ONLINE COURSE OVER 3 WEEKENDS

Teaching Yoga for Stress, Burnout and Fatigue

 

with Charlotte Watts 500RYT SYT (Yoga Alliance UK)

Join Charlotte Watts and Leah Barnett, specialists in Yoga for Stress, Burnout and Fatigue Conditions. The course takes a scientific, philosophical and experiential look at how yogic practices can support us within our culture of psychosocial stress, high expectations and stimulus, as well as these more recent times of fear, challenge and overwhelm within the pandemic. It explores specific practices that can offer us a lifeline when social engagement is less available and energy and coping resources are either compromised or on the floor. 

[NB: This course combines the previously two separate, but intimately connected courses Yoga for Stress and Burnout, and Yoga for ME/Chronic Fatigue Syndrome to open out the material for more current relevance].

Stress, burnout and fatigue are states that are intrinsically linked via the nervous and immune systems, which can become disordered from psychosocial stress, overwhelm, fear, anxiety, trauma and the high expectations of modern living. These body systems are greatly affected by social isolation and lack of healthy social engagement, where practices of kind attention, self-compassion and attuning to our deeper needs become even more important.

This course is offered ONLINE via Yogacampus

Thursday 14 October to Sunday 5 December 2021

Module 1 Pre Course material will be released from Thursday 7 October.

Module One Live Online
Thursday 14 October: 14:00 to 17:30 (UK time)
Sunday 17 October: 14:00 to 17:30 (UK time)

Module Two Live Online
Thursday 11 November: 14:00 to 17:30 (UK time)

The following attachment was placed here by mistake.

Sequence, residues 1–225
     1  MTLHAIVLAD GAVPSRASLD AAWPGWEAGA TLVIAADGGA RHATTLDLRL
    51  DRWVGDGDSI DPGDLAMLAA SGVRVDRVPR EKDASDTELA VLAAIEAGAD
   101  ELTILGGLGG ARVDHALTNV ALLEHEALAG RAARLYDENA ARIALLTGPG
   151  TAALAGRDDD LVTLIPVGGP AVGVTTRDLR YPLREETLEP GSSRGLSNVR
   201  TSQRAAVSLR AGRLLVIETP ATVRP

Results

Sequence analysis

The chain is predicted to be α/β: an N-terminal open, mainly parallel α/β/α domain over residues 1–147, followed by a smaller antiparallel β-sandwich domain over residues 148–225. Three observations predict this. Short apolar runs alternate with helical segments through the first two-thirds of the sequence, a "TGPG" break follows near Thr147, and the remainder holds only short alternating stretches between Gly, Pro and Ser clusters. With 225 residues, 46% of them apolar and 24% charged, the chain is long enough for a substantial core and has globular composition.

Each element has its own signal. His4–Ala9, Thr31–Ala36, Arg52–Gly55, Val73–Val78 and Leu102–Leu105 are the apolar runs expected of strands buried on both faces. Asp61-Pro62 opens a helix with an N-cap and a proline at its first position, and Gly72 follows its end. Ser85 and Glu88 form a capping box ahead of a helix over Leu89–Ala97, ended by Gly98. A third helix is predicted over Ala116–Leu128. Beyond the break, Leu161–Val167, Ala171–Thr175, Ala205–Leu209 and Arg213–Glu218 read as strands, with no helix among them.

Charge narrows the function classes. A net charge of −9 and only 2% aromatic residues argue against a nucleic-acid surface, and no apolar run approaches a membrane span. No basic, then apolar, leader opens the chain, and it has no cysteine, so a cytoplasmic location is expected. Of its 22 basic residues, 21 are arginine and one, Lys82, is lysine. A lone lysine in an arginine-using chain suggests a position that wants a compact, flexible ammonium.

Sunday 14 November: 14:00 to 17:30 (UK time)

Module Three Live Online
Thursday 2 December: 14:00 to 17:30 (UK time)
Sunday 5 December: 14:00 to 17:30 (UK time)

Early bird end date: 12 September 2021

Course Description

This course combines what were previously two separate, but intimately connected courses looking at how yogic practices can support us in times of overwhelm and offer us a lifeline when our energy is either compromised or on the floor. 

Stress, burnout and fatigue are states that are intrinsically linked via the nervous and immune systems, which can become disordered from psychosocial stress, trauma and the high expectations of modern living.

 

What is Stress?

Stress is a major part of 21st century living, with the World Health Organisation previously estimating that by this year stress-related disorders will be the second leading cause of disabilities in the world. This epidemic is an underlying cause of most non-communicable and chronic degenerative health conditions expressed in the Western body including fatigue, anxiety, digestive issues (including Irritable bowel syndrome IBS), insomnia, depression, high blood pressure and heart disease.

 

What is Burnout?